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Thousands of Tiny Robots

The Modular Robotics Blog

Cubelets are a highly engaging tool—and I mean highly engaging!  Teachers around the world ask for tips on managing a classroom full of students who are completely engrossed and inspired by playing with Cubelets. What a great problem to have!

The first piece of advice to you is: embrace the chaos. Cubelets are a tool that inspires rapid iteration. It is normal and good for students to quickly design and revise their constructions – even breaking off into unplanned tangents while they do. To manage this kind of classroom, settle into it and get your hands dirty.  Walk around from group to group and ask them questions.

  • What are you building?
  • Tell me about this design.
  • What is challenging you right now?
  • What else could this robot construction be used for?
  • Why did you choose to put this Cubelet here?

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The Toronto International Film Festival (TIFF), a “charitable cultural organization with a mission to transform the way people see the world through film”, hosts one of the largest publicly-attended festivals in the world, attracting nearly half a million visitors worldwide. During the TIFF Kids International Film Festival, TIFF hosts digiPlaySpace, a children’s exhibition showcasing digital interactive installations created by international artists and developers with new works introduced each year.

Cubelets at Eureka! exhibit at the National Children's Museum (Jonathan Pow/jp@jonathanpow.com, image provided courtesy of TIFF)
Cubelets at Eureka! exhibit at the National Children’s Museum (Jonathan Pow/jp@jonathanpow.com, image provided courtesy of TIFF)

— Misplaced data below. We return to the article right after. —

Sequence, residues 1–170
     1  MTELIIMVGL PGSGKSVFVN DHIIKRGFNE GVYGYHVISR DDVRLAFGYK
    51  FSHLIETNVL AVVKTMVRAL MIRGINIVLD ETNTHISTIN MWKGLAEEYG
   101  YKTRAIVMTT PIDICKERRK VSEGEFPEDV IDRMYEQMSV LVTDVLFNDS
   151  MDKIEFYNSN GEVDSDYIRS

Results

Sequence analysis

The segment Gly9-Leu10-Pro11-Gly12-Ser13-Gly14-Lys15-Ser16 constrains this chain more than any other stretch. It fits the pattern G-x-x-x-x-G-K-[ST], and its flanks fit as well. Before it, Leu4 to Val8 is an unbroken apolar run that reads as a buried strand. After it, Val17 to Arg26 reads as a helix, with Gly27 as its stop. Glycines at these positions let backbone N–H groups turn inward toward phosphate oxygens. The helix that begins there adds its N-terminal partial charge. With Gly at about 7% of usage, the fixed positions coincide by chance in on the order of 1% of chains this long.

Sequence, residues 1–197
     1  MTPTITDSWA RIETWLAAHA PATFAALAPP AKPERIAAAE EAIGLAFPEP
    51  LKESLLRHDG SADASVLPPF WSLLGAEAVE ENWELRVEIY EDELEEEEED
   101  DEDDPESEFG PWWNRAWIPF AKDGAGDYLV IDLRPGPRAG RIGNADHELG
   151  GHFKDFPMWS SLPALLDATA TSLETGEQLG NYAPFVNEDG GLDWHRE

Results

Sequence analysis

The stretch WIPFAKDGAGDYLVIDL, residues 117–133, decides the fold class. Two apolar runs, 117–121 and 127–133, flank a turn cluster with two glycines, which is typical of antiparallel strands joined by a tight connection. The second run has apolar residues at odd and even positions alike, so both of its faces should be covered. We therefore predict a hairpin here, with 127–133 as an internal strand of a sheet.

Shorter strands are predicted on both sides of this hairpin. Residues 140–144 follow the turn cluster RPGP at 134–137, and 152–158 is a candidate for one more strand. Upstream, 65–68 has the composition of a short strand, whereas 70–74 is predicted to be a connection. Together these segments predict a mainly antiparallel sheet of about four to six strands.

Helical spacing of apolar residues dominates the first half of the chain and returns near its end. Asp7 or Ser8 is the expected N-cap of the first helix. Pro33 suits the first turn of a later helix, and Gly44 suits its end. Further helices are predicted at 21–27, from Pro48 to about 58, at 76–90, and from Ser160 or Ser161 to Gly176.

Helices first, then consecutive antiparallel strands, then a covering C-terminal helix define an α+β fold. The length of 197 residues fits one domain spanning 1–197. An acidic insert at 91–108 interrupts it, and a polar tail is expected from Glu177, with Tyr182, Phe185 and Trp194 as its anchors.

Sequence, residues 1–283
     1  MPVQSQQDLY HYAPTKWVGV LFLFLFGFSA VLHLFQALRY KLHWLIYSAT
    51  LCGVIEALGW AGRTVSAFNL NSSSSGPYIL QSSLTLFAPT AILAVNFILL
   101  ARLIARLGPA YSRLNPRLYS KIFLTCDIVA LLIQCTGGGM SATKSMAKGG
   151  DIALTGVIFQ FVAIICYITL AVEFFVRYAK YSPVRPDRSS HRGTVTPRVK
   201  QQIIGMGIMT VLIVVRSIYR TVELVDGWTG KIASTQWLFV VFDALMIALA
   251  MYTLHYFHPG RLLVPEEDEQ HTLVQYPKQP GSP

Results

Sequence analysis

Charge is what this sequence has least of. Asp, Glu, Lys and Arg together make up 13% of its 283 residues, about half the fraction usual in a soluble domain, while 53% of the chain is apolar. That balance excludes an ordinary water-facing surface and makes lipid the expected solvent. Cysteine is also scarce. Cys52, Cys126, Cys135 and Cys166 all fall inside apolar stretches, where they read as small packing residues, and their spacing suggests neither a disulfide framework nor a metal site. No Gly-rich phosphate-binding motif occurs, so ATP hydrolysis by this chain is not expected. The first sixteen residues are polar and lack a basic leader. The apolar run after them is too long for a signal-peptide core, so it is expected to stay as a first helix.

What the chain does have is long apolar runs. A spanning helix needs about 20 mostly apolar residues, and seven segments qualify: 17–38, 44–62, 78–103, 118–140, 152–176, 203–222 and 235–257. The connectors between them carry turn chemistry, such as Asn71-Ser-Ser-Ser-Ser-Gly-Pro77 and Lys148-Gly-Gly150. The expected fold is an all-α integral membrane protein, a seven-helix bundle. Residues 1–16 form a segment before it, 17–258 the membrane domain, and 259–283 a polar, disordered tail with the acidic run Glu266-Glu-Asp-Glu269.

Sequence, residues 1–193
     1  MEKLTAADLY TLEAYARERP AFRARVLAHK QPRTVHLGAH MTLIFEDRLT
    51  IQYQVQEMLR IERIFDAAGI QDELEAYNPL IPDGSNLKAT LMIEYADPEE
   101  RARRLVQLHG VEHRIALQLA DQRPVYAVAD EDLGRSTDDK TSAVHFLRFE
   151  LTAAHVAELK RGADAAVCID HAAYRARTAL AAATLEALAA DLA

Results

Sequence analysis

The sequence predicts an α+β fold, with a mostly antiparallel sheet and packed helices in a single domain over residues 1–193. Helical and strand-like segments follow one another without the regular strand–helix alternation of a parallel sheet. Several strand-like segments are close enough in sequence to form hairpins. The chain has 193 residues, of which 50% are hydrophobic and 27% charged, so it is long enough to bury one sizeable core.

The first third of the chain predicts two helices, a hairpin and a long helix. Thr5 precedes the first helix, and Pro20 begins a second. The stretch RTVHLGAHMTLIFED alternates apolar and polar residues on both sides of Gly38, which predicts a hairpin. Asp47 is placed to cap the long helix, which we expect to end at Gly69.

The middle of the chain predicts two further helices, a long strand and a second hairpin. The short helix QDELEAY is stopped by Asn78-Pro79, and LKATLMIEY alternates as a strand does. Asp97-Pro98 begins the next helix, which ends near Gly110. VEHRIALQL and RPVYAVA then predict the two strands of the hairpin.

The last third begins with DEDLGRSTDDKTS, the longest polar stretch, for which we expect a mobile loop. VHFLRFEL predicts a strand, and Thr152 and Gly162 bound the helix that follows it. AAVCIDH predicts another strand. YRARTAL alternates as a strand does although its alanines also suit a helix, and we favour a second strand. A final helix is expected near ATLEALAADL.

Cubelets were first introduced at TIFF in 2013 and later became part of the touring exhibition. “digiPlaySpace has proven to be wildly popular with visitors around the world, and Cubelets have been an integral part of that popularity,” says Suzan Sabir, the senior project manager who oversees the digiPlaySpace traveling exhibit program at TIFF. “I believe that part of this appeal is that visitors are able to create a simple robot easily and quickly – instant gratification – and then they can move on to more complex robots with additional experience.”

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Travel roughly thirty-one miles west of Auckland, and you will come to New Zealand’s Waiheke Island, a scenic destination in New Zealand’s Hauraki Gulf with nine thousand permanent residents. Librarian Julia Mount spoke to us about how she has been utilizing Cubelets with young patrons at the Waiheke Island Community Library:

“A couple of years ago, a colleague and I started a digital club/Makerspace that runs on Sunday mornings. Theoretically, the Makerspace is for children between the ages of 5-13 and their families, but often passing parents will involve their pre-school age children in the activities. The Makerspace has since given lots of fun and learning for me as well as those who attend. Because Waiheke Island is a holiday destination, our Makerspace regulars are supplemented with holiday makers during the summer break, expanding the chances for locals to make new friends as well as let families from other locations know what Auckland Council Libraries as a whole has to offer.

“Cubelets are an open play part of the Makerspace. A library team member or child who already knows about Cubelets will demonstrate to newbies how to make a basic robot with just three cubes – Distance, Drive and Battery. We then challenge the newbies to make seven different robots with just the three cubes. While some enjoy the challenge, others just start experimenting and inventing.”

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We love hearing about all the ways that Cubelets are being used to build better thinkers. Whether it’s a tweet showing off robots built by a first-grade class, seeing Blockly in action during Coding Club, or cheering on the robot races in a makerspaces, we treasure it all. But every once in awhile, we come across a story so inspiring that we just have to share it with everyone. This is Hayley’s Cubelets story.